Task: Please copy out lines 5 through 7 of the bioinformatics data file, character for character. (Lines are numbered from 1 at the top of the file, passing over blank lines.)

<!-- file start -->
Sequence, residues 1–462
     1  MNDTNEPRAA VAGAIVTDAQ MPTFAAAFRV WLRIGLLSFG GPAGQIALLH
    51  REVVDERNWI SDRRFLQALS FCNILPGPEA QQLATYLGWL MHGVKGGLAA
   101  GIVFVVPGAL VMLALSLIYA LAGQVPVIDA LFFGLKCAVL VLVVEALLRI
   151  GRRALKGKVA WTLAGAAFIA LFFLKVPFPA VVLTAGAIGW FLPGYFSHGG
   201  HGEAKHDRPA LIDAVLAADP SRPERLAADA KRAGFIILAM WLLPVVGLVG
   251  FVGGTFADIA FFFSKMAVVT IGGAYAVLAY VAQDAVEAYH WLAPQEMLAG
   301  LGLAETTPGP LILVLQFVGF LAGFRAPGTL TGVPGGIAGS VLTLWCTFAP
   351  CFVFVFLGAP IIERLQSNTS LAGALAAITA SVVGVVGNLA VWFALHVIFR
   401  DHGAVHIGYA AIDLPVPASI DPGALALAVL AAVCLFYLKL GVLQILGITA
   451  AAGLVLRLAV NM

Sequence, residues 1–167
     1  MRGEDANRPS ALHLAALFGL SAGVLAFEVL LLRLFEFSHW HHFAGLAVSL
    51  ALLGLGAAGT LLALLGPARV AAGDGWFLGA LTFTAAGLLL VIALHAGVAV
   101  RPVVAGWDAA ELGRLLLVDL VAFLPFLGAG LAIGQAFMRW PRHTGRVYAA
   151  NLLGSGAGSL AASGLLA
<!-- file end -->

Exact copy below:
   151  GRRALKGKVA WTLAGAAFIA LFFLKVPFPA VVLTAGAIGW FLPGYFSHGG
   201  HGEAKHDRPA LIDAVLAADP SRPERLAADA KRAGFIILAM WLLPVVGLVG
   251  FVGGTFADIA FFFSKMAVVT IGGAYAVLAY VAQDAVEAYH WLAPQEMLAG